The research of the group focuses on the development of transmission models for infectious agents in livestock, wild animals, and humans in which knowledge from theoretical biology, veterinary science, animal science, epidemiology, ecology, mathematics and statistics are integrated. Such models are supported with data from laboratory and field studies.
Understanding mechanisms of transmission and infectious disease management in animals are the two main motivations of our work and play a role in each of our research projects.
The methods are developed and used in these projects:
1. Understanding new emerging mosquito-borne viruses. (OneHealthPact)
2. Eradication of endemic infections by vaccination and supporting control measures:
- Bovine Tb,
- Foot- and Mouth disease,
- Avian Influenza.
3. Breeding against endemic infectious diseases in farmed animals.
4. Managing emerging (zoonotic) infections (Influenza, SARS-Cov-2).
Currently, the following PhD projects are running:
- Mathematical modelling of heterogeneity in immune responses to influenza vaccination in poultry (Pan Xue)
- Spatial modelling of Bovine tuberculosis in multi-host disease dynamics in Republic of Ireland (You Chang)
- Modelling environmental transmission and spatial spread of common zoonotic bacteria in poultry (Anna Gamza).
- Quantifying the spatio-temporal heterogeneity in Mycobacterium bovis transmission in a multi-host system (badgers and cattle) in the Republic of Ireland, with and without vaccination of badgers (Ann Barber)
- Integration of quantitative genetic and quantitative epidemiological theory to enhance genetic improvement of animal health (Dries Hulst).
- Evaluating the use of an immune stimulant as a tool to improve the health of dairy cows under grazing conditions (Joaquin Barca)
- Molecular epidemiology of hepatitis E virus in the pork production chain and evaluation of risk factors in North-central Nigeria (Olajide Owolodun)
- Tracking and tackling goat farm-associated pneumonia through metagenomics (Wouter Lokhorst)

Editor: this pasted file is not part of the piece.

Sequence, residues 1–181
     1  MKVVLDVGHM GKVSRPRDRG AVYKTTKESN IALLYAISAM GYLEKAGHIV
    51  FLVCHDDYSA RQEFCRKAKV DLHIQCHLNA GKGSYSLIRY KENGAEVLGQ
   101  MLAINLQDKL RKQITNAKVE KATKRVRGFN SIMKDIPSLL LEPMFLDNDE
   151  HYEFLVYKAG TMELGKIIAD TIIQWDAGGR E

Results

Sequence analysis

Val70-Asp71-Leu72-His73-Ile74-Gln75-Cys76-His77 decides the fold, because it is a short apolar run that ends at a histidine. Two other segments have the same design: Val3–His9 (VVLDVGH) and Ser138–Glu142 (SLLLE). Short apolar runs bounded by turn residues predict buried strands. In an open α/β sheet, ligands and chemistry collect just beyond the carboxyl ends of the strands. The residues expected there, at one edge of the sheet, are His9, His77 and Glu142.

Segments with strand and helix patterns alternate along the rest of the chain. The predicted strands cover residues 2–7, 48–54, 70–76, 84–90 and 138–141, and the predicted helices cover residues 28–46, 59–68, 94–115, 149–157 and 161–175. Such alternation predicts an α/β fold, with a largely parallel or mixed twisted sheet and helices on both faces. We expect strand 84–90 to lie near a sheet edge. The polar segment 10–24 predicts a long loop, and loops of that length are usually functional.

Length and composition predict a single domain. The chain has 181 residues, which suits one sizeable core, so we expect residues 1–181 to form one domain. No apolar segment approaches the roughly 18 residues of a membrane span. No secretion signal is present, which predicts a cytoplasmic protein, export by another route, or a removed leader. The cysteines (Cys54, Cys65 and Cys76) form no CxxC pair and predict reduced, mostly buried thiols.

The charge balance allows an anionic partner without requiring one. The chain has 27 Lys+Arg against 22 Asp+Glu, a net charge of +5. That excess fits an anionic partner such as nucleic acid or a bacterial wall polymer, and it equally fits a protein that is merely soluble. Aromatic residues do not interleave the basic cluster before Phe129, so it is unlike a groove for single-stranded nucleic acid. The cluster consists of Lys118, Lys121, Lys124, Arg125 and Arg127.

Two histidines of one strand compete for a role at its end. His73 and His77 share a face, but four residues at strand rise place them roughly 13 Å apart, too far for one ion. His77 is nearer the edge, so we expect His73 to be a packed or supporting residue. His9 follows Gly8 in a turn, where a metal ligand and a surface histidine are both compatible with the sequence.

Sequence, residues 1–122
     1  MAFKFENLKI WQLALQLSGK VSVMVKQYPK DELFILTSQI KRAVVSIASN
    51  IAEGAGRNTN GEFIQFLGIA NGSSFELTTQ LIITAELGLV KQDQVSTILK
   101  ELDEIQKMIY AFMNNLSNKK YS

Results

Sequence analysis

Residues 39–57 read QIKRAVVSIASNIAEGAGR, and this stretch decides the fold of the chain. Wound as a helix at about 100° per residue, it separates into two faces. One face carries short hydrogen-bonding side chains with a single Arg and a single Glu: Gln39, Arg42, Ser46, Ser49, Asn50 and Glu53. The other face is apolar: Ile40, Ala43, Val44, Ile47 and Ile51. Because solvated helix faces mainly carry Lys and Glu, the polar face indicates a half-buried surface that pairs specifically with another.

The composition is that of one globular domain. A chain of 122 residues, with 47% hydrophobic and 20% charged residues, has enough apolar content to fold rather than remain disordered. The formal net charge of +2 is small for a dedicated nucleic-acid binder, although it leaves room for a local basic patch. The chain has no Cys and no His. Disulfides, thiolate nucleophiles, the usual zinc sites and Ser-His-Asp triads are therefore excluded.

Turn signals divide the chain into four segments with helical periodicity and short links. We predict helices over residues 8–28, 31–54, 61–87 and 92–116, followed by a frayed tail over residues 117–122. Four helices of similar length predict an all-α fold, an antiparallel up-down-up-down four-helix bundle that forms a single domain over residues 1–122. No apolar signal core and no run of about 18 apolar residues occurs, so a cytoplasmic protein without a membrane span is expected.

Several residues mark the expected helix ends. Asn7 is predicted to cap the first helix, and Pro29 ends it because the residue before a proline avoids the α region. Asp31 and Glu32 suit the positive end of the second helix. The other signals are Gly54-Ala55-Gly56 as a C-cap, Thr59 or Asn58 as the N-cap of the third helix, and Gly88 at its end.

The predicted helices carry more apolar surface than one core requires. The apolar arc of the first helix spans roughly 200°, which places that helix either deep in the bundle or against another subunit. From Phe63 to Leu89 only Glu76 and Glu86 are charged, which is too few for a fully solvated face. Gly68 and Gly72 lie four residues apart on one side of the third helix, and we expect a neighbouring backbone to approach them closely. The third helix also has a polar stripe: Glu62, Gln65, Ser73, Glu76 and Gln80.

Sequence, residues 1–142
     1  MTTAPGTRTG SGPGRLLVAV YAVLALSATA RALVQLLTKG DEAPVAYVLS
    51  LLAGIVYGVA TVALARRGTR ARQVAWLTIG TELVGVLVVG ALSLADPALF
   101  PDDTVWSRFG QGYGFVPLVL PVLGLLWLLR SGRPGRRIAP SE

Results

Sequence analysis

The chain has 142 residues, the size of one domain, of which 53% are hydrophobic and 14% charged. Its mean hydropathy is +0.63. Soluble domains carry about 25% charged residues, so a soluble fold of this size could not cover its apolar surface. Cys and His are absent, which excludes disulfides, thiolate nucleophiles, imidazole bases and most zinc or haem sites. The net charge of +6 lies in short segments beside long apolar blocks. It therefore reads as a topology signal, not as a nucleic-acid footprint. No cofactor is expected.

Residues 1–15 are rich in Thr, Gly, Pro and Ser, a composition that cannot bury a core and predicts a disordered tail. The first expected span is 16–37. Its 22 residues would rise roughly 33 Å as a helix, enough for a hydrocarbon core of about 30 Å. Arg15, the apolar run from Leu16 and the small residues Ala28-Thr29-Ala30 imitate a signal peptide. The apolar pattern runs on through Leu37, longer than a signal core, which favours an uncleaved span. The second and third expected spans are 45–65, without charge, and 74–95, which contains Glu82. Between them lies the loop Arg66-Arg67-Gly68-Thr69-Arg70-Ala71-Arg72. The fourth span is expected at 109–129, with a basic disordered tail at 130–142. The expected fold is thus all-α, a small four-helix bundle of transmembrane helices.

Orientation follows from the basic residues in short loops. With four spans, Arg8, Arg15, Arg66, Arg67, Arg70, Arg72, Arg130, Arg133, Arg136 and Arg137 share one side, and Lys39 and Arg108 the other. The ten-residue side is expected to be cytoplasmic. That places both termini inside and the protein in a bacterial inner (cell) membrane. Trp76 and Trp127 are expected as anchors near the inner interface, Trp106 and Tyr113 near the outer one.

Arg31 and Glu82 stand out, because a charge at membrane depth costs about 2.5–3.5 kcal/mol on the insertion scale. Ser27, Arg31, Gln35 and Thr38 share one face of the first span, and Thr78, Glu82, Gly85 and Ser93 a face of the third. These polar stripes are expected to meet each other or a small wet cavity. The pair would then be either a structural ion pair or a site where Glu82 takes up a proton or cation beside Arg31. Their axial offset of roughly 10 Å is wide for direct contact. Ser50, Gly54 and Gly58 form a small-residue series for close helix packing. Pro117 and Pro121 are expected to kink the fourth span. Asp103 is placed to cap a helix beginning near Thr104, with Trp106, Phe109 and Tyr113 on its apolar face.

- Hepatitis E virus infection, molecular epidemiology and transmission in swine, human, wild boar and the environment. (Renate Hakze-van der Honing)
- Towards a status of foot-and-mouth disease free, without vaccination. Considering risks of reintroduction, emergency preparedness and economic factors to stop vaccination (Victoria Iriarte Barbosa)
- Vaccine Effect of Inactivated H9N2 Vaccine on Transmission in Chickens (Hongrui Cui)
- Developing evidence-based surveillance for emerging rat-borne zoonoses in changing environments (Marieke de Cock)
- Natural Casings: inactivation of porcine viruses. (Tinka Jelsma)
- Mariken de Wit - Arbovirus emergence and spread on a national and international scale: insights from data-driven modelling for detection and control
- Kiki Streng - Arbovirus surveillance in livestock
- Luca Bordes - Ex vivo models to determine genetic virulence factors of avian influenza virus
- Achmad Fadillah -Monitoring and Surveillance of Milk Quality and Animal Diseases in Indonesian Dairy Herds.
- Sahid Agustian Hudjimartsu - Application of precision farming principles to Indonesian agriculture
- Thanicha Chanchaidechachai - An integrated epidemiological and economic analysis of foot and mouth disease (FMD) for evaluating the FMD control strategies in Thailand
Joseph Oundo - Unravelling the epidemiology of tick-borne diseases in livestock and the potential impact of a novel bio-pesticides in coastal Kenya